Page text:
The amount paid will be deducted from the purchase price of products provide by the kitchen firm if the consumer decides to proceed with the proposal.
If the client does not proceed with the project, the design retainer still stays with the firm to cover the work done by the kitchen designer.
This sum commits the designer to the client and vice versa, throughout the design phase.
It should be an amount that will cover your time to truly explore and produce a professional design, but also an amount that allows the client to walk away if the results are not what they are after.
The design retainer can be an excellent way to work with clients.
The kitchen designer should however have a written “deliverables” document that covers what they will be providing at this stage.
In most cases, the retainer should cover a full client interview, a site measure if applicable, preliminary sketches, a final design, product selection and a final quotation.
The Design Retainer is a great option for designers working for a firm that sells product.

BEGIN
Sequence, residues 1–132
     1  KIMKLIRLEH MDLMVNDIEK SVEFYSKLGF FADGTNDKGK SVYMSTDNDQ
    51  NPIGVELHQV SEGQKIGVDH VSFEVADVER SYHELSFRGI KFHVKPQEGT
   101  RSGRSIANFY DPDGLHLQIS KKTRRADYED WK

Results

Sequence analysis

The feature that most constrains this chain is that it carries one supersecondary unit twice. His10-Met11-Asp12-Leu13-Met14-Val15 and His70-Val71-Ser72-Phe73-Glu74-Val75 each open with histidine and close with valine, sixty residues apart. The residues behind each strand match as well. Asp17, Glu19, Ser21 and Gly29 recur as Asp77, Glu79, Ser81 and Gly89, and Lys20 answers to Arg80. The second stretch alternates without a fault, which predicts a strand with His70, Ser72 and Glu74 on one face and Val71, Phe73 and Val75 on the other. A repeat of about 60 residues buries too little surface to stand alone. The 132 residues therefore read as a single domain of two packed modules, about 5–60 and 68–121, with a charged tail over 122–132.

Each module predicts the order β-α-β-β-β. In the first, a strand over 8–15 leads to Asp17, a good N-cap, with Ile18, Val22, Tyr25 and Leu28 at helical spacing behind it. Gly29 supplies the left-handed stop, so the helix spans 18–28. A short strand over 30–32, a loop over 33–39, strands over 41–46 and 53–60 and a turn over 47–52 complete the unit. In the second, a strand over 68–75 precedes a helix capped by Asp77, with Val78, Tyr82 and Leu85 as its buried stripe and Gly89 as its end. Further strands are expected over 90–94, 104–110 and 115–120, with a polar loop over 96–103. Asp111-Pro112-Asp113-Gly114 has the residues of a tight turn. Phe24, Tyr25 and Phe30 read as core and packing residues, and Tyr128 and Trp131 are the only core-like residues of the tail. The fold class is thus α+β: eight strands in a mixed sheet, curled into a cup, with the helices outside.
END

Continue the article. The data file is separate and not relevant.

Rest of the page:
The designer’s compensation could be this retainer, a percentage of this retainer and/or a commission of the products sold.
As stated above, this approach is good for kitchen designers working for a firm that sells kitchen products such as cabinetry.
It is a good strategy for kitchen designers that focus on designing with the products they represent.
This form of charging for design is often found at Design/Build firms.
Design work is charged out as a percentage of the overall budget for the project.
The design of the kitchen falls within this category.
The contract with the client and the design/build firm typically begins with a rough estimate for the project.
There is then a retainer paid by the client to start the design process.
As the design is developed and final construction and material costs are estimated, a percentage of this number is charged for design.
Determining what this percentage should be is often based on the experience of the Design/Build firm and geographical location.
The kitchen designer may be part of the Design/Build team and compensated based on the company’s policies, or they could be an independent kitchen designer that agrees to contract with the Design/Build firm and is paid a percentage of this percentage.
Independent Kitchen Designers
As an independent kitchen designer, there are a few more options for compensation.
These strategies could also work at certain kitchen design studios.
Hourly Design Fee
Charging an hourly fee for design services is a very common way of doing business in the Interior Design profession and recently an option being used by kitchen designers.
As with any type of design service, when deciding what that hourly fee is going to be, you need to consider your experience and your geographical location.